Friday, January 29, 2021


Maxine Kaplan studied English and political science at Oberlin College and held a variety of positions in the publishing world before landing her current job as a private investigator and author. She lives and writes in Brooklyn, where she caters to the whims of her dim-witted but soulful cat.

Kaplan applied the Page 69 Test to her new novel, Wench, and reported the following:
Page 69 of Wench find our intrepid tavern maid Tanya kidnapped by thieves and confronted with the true nature of what will be one of her closest companions on her journey, Jana. Tanya is momentarily defeated, but not discouraged, and forced to work at what she does best--cooking--to get to the next stage of her journey.

Page 69 of Wench is not the most exciting moment of the book, nor does it contain any of the book's significant world-building, but as a workaday example of the obstacles on Tanya's journey, it is actually a relatively successful example of the Page 69 test. It shows how Tanya reacts to setbacks in the moment and is revealing of parts of her character and her persona. For example, the master criminal easily identifies her as a tavern wench, because "tavern maids can never not criticize someone else's cooking," revealing how Tanya appears as the archetype of a tavern wench to the people around her, but also, through the tension of her attempt to deceive the master criminal about who she is, what is driving those parts of her personality--a survival instinct and almost pathological self-reliance. The page also represents a repeating motif of the book: Tanya is pursuing he own goals and confronts a variety of individuals who would use her skills for their own gain, and see her only as a servant--literally: they see her only as how she can serve them. This is also a perception Tanya has to fight about herself--she only sees herself in terms of how she can make herself useful to survive.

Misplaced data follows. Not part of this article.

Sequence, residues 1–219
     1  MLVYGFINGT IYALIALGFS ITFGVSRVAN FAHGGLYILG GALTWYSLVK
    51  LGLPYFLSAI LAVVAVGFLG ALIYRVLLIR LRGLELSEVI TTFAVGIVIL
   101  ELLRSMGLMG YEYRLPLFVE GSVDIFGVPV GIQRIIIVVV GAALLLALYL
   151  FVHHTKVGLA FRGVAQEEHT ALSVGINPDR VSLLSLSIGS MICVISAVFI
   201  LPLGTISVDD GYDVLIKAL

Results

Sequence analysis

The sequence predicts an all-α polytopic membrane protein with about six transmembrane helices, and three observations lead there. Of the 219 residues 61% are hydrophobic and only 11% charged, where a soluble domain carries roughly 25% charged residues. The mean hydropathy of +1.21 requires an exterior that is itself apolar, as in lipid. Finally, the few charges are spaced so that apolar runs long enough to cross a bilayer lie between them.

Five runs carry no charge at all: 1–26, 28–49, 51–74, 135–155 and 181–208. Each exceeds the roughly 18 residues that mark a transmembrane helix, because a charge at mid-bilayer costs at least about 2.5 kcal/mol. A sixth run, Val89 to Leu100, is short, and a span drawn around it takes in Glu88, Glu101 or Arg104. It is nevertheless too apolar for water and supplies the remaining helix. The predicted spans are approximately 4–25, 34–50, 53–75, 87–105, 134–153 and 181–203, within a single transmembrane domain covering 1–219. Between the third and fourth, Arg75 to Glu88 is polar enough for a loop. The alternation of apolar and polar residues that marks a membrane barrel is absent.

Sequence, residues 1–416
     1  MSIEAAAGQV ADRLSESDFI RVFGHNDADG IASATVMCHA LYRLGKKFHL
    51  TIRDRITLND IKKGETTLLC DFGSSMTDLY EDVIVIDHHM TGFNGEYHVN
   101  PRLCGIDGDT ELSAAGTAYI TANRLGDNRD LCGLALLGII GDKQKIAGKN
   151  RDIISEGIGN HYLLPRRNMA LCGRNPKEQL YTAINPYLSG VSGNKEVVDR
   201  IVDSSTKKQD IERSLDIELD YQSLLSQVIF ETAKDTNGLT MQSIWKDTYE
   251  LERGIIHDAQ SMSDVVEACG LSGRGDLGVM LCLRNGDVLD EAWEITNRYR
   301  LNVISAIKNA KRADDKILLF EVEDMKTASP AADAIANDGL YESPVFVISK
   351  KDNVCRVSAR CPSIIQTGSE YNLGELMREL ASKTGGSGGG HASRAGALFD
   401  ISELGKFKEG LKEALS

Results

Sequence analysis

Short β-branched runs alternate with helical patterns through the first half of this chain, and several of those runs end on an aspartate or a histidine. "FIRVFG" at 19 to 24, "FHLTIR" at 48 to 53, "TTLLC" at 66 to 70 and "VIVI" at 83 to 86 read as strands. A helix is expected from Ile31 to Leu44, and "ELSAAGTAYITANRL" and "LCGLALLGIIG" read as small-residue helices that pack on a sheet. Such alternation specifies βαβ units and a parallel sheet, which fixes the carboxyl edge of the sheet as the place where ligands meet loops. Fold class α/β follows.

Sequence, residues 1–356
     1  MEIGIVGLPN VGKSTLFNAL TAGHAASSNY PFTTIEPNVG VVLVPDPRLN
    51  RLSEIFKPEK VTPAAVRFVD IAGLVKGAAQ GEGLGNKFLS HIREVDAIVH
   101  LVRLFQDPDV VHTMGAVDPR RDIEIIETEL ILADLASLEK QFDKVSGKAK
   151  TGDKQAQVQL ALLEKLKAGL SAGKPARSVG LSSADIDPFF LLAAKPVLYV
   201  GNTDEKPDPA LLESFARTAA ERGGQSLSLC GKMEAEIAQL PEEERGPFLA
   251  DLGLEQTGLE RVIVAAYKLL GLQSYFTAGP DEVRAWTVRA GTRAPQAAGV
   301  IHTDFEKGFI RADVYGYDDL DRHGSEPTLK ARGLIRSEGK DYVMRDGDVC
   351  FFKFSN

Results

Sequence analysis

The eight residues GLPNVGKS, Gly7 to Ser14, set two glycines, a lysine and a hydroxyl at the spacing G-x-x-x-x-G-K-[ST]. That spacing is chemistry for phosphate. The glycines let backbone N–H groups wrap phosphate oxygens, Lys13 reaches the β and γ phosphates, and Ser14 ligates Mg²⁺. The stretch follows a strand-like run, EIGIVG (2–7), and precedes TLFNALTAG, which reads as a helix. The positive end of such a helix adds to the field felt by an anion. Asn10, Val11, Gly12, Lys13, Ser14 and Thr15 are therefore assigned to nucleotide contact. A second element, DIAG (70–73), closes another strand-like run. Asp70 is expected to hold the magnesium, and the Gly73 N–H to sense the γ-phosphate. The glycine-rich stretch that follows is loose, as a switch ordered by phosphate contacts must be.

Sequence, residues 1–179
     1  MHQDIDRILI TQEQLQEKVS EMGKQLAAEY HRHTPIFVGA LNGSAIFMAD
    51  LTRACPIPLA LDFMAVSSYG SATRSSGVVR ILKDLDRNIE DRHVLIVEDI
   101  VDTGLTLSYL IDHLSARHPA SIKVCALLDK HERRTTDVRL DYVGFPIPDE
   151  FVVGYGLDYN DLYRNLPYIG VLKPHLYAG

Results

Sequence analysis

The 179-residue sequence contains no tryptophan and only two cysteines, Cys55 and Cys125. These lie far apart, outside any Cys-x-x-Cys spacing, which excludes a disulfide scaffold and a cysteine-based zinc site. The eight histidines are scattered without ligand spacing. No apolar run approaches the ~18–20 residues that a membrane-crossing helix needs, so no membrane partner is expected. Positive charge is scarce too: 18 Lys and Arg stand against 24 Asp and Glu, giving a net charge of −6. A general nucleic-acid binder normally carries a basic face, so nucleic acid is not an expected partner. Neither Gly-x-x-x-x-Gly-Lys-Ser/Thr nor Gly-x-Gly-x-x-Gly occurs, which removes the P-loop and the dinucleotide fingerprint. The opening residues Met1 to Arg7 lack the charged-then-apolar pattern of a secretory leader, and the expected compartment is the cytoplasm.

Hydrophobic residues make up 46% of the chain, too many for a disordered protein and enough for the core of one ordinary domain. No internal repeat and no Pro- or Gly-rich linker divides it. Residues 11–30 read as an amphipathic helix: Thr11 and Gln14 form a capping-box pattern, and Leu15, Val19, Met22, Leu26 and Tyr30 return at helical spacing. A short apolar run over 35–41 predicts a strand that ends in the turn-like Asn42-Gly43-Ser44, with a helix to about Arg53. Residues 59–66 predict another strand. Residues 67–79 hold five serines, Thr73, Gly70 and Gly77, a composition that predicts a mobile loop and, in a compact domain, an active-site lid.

Visit Maxine Kaplan's website.

The Page 69 Test: The Accidental Bad Girl.

--Marshal Zeringue